The return value of -3.14159.. means that this is an approximate root of the expression sin(x)^2/x . And so it is.
The call fsolve(sin(x)^2/x, x = 0) is the syntax to request that fsolve find a root of sin(x)^2/x with 0 as the initial point. What fsolve does with the initial point is less relevant than the fact that it returns a perfectly valid root. Nowhere does the documentation say that the expression *must* be defined at the initial point, which leaves fsolve quite free to select another point, etc. Neither does it say that the returned root *must* be closest to the initial point. Nor does it say that limiting values are acceptable as roots.
acer

The return value of -3.14159.. means that this is an approximate root of the expression sin(x)^2/x . And so it is.
The call fsolve(sin(x)^2/x, x = 0) is the syntax to request that fsolve find a root of sin(x)^2/x with 0 as the initial point. What fsolve does with the initial point is less relevant than the fact that it returns a perfectly valid root. Nowhere does the documentation say that the expression *must* be defined at the initial point, which leaves fsolve quite free to select another point, etc. Neither does it say that the returned root *must* be closest to the initial point. Nor does it say that limiting values are acceptable as roots.
acer

I wonder whether difficulty in sending you messages is related to the fact that your handle has a space in it.
acer

I wonder whether difficulty in sending you messages is related to the fact that your handle has a space in it.
acer

A simple (perhaps shortened) example would help, to understand just what the procedure is doing.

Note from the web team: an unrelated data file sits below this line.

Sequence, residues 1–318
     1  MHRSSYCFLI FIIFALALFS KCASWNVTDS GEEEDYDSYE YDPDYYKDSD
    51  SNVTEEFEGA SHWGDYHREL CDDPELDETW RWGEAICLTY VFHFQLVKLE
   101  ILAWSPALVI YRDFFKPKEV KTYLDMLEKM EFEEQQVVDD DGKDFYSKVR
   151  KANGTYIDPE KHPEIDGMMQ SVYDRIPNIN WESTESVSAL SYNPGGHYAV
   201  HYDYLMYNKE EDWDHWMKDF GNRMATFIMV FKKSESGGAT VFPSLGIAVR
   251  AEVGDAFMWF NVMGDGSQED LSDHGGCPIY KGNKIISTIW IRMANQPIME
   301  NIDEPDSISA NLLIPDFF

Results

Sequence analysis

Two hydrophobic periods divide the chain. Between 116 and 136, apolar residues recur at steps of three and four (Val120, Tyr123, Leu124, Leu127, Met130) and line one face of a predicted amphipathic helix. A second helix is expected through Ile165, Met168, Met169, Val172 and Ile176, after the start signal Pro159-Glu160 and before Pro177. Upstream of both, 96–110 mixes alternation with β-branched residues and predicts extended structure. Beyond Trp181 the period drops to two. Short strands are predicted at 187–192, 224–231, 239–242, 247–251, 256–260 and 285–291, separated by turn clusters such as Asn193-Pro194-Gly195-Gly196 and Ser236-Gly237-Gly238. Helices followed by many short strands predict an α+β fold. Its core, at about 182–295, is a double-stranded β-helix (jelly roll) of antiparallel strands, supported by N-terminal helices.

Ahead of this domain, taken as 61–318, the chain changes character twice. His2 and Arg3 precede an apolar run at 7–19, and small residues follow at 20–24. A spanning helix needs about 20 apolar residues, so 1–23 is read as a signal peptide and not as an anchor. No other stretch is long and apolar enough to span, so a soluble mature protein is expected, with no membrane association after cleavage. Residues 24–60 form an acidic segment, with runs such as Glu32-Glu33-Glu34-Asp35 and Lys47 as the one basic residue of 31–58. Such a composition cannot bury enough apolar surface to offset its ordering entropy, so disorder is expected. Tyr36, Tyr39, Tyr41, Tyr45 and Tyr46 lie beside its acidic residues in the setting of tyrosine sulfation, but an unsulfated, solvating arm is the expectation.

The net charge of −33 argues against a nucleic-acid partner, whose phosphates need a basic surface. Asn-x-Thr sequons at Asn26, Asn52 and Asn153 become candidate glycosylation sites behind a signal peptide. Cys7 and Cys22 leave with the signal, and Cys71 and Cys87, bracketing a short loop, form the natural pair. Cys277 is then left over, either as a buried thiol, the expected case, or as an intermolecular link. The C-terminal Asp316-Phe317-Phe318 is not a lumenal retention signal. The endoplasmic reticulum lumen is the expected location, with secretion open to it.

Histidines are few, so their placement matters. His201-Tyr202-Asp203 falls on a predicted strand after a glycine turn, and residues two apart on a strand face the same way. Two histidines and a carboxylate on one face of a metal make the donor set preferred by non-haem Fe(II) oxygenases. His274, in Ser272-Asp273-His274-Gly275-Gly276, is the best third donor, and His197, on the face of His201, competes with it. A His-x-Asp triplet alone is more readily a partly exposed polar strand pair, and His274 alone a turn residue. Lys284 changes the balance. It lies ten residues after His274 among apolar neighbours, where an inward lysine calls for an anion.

acer

A simple (perhaps shortened) example would help, to understand just what the procedure is doing.
acer

The behaviour you've described is not in Maple, but in the engine that drives this site. (Is it Drupal?)
This issue, with less-than, etc, is common here. It should be answered in a FAQ. It's a by-product of allowing either plaintext or marked-up HTML in the posts. It's pretty easy to change for each post, but I wish it could be set as a personal default.
Answers that one obtains from scientific software should be verified. If the software is good (as Maple mostly is) then it should not be too difficult to verify the results by using the same program (different pieces of it, naturally).
One measure of satisfaction with software can come from how quickly one receives support, and from how quickly issues are resolved or "fixed". The presence alone of a bug in a piece of software is not, in and of itself, surprising.
acer

The behaviour you've described is not in Maple, but in the engine that drives this site. (Is it Drupal?)
This issue, with less-than, etc, is common here. It should be answered in a FAQ. It's a by-product of allowing either plaintext or marked-up HTML in the posts. It's pretty easy to change for each post, but I wish it could be set as a personal default.
Answers that one obtains from scientific software should be verified. If the software is good (as Maple mostly is) then it should not be too difficult to verify the results by using the same program (different pieces of it, naturally).